Looking for a property? People may encounter probate sales. These can be one-of-a-kind opportunities to buy real estate. Is a probate sale the best option? It can be if the person is seeking for an inexpensive home and has the patience to wait. They can be complicated, and the homes involved may need some renovations, but the purchaser has a good chance of getting a good price. If the buyer is a first-time homebuyer or needs a home urgently, probate sales should be avoided.

Hence, people who might want to buy probate real estate must undergo a legal process. The probate process can take several months, so be prepared to wait. To make an offer on the place of residence, the buyer will most likely coordinate with the executor of the estate, a real estate attorney, or the court. Keep in mind that probate real estate is typically sold “as-is.” The former owner could have been elderly people or have had health difficulties that made housekeeping difficult. That means a house inspection is vital, and the buyer should be prepared for unforeseen costs.

Trust Sale

A trust sale is when a home is sold by a trustee rather than a private person. This is common when the original homeowner dies and transfers their possessions to a living trust. Trustees who never resided in the property for sale are not required to provide the same disclosures as sellers in a traditional transaction.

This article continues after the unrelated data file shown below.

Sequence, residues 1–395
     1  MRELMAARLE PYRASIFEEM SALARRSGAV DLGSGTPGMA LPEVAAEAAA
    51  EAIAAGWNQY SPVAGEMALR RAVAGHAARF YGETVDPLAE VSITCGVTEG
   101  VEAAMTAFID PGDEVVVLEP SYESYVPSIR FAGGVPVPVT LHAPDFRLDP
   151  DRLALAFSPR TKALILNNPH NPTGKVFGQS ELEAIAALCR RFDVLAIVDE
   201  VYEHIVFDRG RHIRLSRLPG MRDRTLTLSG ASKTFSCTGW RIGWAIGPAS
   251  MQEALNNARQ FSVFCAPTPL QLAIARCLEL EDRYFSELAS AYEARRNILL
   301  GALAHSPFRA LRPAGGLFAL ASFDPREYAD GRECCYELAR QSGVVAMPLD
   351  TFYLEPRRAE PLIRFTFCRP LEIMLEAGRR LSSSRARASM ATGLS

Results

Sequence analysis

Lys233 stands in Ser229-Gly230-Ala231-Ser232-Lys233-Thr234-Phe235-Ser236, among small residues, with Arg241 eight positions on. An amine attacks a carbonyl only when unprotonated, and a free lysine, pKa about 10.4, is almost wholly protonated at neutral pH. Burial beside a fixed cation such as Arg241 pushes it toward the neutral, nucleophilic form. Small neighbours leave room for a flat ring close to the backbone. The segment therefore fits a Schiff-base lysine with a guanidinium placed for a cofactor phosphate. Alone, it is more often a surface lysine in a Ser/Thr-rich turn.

What are the 3 Most Common Types of Listings?

Open Listing

A seller with an open listing retains the right to hire any number of brokers as agents. It is a nonexclusive listing in which the seller is only bound to pay a commission to the broker who successfully secures a ready, willing, and able buyer. The seller keeps the opportunity to sell the property on his or her own without paying a commission. Basically, an open listing in real estate is a property for sale that can be viewed by several real estate agents. The agents compete to find a buyer for the home.

Exclusive Agency Listing

One broker may represent the seller as the sole agent under an exclusive agency listing. Without being obligated to the broker, the seller is still free to sell the property. However, if the broker is the one who procured the sale, the seller must pay a commission to the broker.

Exclusive Right-to-sell Listing

The most typical type of contract is an exclusive right-to-sell listing. In a listing agreement of this type, a single broker is designated as the sole seller’s agent and granted exclusive authority to represent the property. No matter who sells the property while the listing agreement is in effect, the broker will be given a commission.

Now that the different listing types have been discussed, this article will serve as a great help for the buyers as well as for the property owners on what to consider and what processes should be done prior to the purchase. Thus, if the buyer wants to look for a house and lot for sale that offers convenience, and comfort, and is placed in a prime location, Crown Asia has it.

Related Blog: Things to Know When Buying Property in the Philippines

Related Blog